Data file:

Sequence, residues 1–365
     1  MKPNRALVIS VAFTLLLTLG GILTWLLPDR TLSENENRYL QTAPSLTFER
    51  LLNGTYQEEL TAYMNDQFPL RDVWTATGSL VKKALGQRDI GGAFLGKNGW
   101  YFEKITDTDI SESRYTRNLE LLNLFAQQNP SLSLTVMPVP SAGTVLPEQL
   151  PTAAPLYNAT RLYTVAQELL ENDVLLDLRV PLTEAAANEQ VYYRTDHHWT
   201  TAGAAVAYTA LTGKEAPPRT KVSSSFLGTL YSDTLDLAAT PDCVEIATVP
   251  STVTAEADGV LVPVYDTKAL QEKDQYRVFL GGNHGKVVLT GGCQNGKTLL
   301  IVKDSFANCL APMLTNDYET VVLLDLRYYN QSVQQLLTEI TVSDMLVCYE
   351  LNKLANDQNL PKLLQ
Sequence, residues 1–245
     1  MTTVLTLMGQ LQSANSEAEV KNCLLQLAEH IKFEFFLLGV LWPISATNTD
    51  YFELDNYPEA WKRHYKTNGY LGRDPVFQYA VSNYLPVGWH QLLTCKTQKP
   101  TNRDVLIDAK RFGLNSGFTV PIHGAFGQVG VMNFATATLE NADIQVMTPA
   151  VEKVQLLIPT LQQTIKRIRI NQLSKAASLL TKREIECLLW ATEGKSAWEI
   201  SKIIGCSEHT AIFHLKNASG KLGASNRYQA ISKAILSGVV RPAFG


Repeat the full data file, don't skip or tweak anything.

Sequence, residues 1–365
     1  MKPNRALVIS VAFTLLLTLG GILTWLLPDR TLSENENRYL QTAPSLTFER
    51  LLNGTYQEEL TAYMNDQFPL RDVWTATGSL VKKALGQRDI GGAFLGKNGW
   101  YFEKITDTDI SESRYTRNLE LLNLFAQQNP SLSLTVMPVP SAGTVLPEQL
   151  PTAAPLYNAT RLYTVAQELL ENDVLLDLRV PLTEAAANEQ VYYRTDHHWT
   201  TAGAAVAYTA LTGKEAPPRT KVSSSFLGTL YSDTLDLAAT PDCVEIATVP
   251  STVTAEADGV LVPVYDTKAL QEKDQYRVFL GGNHGKVVLT GGCQNGKTLL
   301  IVKDSFANCL APMLTNDYET VVLLDLRYYN QSVQQLLTEI TVSDMLVCYE
   351  LNKLANDQNL PKLLQ
Sequence, residues 1–245
     1  MTTVLTLMGQ LQSANSEAEV KNCLLQLAEH IKFEFFLLGV LWPISATNTD
    51  YFELDNYPEA WKRHYKTNGY LGRDPVFQYA VSNYLPVGWH QLLTCKTQKP
   101  TNRDVLIDAK RFGLNSGFTV PIHGAFGQVG VMNFATATLE NADIQVMTPA
   151  VEKVQLLIPT LQQTIKRIRI NQLSKAASLL TKREIECLLW ATEGKSAWEI
   201  SKIIGCSEHT AIFHLKNASG KLGASNRYQA ISKAILSGVV RPAFG